Stories about: CLOVES syndrome

The emerging genetic mosaic of lymphatic and vascular malformations

somatic mosaic mutations vascular anomalies vascular malformations CLOVES Klippel-Trenaunay KTS fibroadipose FAVA lymphatic malformation

Our genes can mutate at any point in our lives. In rare cases, a mutation randomly occurs in a single cell of an embryo and gets carried forward only in the descendants of that particular cell, leaving its mark in some tissues, but not in others. This pattern of mutation, called somatic mosaicsm, can have complicated consequences down the road.

Take CLOVES, a rare syndrome combining vascular, skin, spinal and bone or joint abnormalities described by Ahmad Alomari, MD, co-director of Boston Children’s Hospital Vascular Anomalies Center (VAC). Four years ago, a research team including Alomari and Matthew Warman, MD, discovered that the growths in CLOVES patients had mutations in a growth-regulating gene called PIK3CA. Those mutations, they found, were spread through the affected tissues in a somatic mosaic pattern.

Now it turns out that CLOVES is not alone. In a recent paper in the Journal of Pediatrics, VAC researchers led by Warman proved that three other rare lymphatic and vascular anomalies and overgrowth syndromes often share the same somatic mosaic PIK3CA mutations: Klippel-Trenaunay syndrome (KTS), fibroadipose vascular anomaly (FAVA) and isolated lymphatic malformations.

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NOT all in the family: Tackling rare genetic diseases that aren’t inherited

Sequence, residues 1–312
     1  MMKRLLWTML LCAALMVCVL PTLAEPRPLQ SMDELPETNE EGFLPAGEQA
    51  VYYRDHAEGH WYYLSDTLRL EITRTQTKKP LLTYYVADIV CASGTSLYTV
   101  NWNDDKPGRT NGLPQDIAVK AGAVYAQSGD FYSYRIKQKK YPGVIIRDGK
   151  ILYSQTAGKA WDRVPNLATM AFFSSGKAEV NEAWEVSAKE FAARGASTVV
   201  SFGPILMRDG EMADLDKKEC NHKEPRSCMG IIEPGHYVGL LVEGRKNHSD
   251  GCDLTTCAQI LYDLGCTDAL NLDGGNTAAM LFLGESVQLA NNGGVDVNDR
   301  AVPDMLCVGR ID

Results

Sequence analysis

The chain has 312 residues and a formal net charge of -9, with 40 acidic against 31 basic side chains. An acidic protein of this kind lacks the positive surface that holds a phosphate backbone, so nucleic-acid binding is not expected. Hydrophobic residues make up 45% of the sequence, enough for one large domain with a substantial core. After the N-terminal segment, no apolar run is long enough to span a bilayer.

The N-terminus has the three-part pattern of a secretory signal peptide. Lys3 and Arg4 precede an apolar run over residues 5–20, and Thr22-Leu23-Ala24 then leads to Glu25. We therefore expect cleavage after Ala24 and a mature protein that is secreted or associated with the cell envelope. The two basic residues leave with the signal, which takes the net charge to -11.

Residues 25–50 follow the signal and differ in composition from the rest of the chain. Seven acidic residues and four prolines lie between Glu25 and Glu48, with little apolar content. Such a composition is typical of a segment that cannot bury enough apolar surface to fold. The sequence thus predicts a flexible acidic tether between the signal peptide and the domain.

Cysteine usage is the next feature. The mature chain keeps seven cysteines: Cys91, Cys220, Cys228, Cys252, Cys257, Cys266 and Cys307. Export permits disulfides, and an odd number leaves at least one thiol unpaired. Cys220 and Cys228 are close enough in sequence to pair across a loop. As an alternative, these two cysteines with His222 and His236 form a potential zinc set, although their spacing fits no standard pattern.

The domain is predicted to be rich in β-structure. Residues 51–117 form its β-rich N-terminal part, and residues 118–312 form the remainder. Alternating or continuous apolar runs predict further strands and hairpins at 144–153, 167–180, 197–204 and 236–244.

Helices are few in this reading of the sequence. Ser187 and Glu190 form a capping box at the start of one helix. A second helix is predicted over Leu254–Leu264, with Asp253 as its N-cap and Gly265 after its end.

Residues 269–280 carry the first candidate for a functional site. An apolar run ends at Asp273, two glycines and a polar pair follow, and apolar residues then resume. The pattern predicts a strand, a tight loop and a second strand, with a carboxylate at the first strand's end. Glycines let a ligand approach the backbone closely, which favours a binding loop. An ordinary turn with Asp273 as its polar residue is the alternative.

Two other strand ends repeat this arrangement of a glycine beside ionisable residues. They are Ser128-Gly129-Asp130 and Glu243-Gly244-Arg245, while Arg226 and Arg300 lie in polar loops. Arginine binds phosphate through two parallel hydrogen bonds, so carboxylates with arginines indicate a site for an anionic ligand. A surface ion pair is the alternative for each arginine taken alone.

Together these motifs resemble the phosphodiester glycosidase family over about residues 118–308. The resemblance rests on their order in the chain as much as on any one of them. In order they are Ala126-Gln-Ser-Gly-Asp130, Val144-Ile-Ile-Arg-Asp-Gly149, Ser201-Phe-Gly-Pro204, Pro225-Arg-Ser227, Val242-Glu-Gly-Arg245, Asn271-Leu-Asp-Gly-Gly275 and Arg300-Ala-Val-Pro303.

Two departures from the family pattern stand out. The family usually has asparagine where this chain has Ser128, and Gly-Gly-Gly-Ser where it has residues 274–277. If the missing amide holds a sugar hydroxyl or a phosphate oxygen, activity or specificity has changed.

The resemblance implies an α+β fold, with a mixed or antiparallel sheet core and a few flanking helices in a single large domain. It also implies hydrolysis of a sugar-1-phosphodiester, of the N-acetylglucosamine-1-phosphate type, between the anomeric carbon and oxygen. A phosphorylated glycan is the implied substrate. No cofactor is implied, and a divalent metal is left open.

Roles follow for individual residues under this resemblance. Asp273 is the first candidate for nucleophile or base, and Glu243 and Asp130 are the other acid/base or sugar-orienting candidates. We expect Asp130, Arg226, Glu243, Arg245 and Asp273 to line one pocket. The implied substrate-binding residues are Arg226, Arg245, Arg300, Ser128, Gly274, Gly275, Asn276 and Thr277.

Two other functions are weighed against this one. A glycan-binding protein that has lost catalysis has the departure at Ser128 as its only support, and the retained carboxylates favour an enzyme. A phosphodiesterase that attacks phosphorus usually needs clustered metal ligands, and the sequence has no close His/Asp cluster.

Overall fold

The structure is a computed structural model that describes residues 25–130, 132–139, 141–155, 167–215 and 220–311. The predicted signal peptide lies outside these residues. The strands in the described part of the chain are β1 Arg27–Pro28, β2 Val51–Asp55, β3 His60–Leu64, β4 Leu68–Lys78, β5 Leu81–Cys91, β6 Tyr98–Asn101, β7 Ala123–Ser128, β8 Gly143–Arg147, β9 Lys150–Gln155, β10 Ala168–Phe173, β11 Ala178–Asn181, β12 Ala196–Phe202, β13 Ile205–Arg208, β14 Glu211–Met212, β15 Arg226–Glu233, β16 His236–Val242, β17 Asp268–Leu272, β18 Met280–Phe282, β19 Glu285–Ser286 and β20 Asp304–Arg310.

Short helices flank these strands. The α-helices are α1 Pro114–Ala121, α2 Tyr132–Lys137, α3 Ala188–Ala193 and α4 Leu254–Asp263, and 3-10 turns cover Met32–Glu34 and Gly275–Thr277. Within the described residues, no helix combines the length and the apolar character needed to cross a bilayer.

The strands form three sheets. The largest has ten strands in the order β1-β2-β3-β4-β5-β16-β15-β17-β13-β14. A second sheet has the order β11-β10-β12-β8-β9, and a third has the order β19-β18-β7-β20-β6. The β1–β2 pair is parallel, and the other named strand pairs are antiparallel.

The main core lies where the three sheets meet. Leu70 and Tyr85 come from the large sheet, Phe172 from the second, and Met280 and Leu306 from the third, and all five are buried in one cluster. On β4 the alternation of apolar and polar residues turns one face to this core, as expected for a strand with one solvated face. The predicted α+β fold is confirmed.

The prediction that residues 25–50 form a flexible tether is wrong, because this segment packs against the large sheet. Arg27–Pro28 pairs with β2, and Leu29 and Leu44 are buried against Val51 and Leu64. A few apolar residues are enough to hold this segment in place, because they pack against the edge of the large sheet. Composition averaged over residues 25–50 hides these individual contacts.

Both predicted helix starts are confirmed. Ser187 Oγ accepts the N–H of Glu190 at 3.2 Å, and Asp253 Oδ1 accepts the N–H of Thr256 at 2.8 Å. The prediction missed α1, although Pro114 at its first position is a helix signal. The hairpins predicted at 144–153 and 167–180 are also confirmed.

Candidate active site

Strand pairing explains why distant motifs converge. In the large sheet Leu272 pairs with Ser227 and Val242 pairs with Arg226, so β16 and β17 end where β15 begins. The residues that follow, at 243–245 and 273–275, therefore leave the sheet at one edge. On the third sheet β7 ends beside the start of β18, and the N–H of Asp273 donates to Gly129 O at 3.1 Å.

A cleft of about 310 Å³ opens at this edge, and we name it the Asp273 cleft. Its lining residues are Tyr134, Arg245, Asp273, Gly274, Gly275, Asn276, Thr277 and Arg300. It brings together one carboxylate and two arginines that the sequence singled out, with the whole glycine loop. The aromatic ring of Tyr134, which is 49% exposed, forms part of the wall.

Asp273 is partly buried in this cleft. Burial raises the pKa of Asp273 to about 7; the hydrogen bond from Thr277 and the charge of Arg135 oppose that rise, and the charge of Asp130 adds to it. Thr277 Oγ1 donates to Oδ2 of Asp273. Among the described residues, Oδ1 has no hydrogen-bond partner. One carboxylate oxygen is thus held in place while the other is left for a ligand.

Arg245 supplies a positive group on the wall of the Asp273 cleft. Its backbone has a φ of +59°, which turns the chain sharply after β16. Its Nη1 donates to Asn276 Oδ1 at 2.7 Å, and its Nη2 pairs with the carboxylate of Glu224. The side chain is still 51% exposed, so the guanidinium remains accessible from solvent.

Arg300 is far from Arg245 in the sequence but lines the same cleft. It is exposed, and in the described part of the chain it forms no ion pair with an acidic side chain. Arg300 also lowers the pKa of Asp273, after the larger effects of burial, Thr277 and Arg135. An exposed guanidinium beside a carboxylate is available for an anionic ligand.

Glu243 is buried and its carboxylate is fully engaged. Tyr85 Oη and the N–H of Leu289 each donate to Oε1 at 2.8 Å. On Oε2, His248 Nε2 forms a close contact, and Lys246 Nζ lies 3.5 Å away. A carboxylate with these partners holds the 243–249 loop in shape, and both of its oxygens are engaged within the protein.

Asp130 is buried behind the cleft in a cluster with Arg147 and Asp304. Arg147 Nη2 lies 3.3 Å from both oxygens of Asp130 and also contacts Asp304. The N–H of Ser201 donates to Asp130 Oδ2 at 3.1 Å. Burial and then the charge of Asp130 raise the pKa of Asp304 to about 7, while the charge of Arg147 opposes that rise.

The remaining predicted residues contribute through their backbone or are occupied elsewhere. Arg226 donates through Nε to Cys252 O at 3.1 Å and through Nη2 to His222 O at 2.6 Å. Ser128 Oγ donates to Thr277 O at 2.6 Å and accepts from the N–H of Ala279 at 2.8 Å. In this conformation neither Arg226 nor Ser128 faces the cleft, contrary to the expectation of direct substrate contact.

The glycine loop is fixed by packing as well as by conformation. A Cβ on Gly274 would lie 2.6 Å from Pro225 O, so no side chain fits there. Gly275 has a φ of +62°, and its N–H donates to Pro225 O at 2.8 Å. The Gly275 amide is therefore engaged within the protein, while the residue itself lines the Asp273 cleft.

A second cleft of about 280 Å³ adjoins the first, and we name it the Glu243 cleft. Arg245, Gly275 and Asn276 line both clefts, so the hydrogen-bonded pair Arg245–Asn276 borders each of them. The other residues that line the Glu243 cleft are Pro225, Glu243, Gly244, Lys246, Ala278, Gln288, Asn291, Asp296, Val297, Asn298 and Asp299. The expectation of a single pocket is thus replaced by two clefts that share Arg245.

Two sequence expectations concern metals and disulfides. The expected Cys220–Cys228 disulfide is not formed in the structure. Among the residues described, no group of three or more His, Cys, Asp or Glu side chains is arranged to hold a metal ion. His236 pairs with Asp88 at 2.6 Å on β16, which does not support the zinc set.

Finding the genetic cause of a non-inherited disorder is a challenge–especially when the gene is abnormal in only some of a person’s cells.

How do you find the genetic cause of a disease that doesn’t appear to be inherited, presents with a variety of symptoms—and has been diagnosed in just a few hundred people worldwide? Add to that the fact that the genetic defect occurs in only a portion of a patient’s cells, and a formidable challenge emerges.

As a team of researchers from Boston Children’s Hospital has discovered, and as is true in many rare diseases, depth and breadth of clinical experience can prove pivotal.

It all started in 2006. That’s when, after poring over years’ worth of patient records and photos, Ahmad Alomari, MD, an interventional radiologist at Boston Children’s and co-director of its Vascular Anomalies Center, defined a condition he called CLOVES syndrome. CLOVES is complex and looks somewhat different in every patient, causing a combination of vascular, skin, spinal and bone or joint abnormalities. It’s a rare and progressive disease for which no known cure or “one-size-fits-all” treatment exists.

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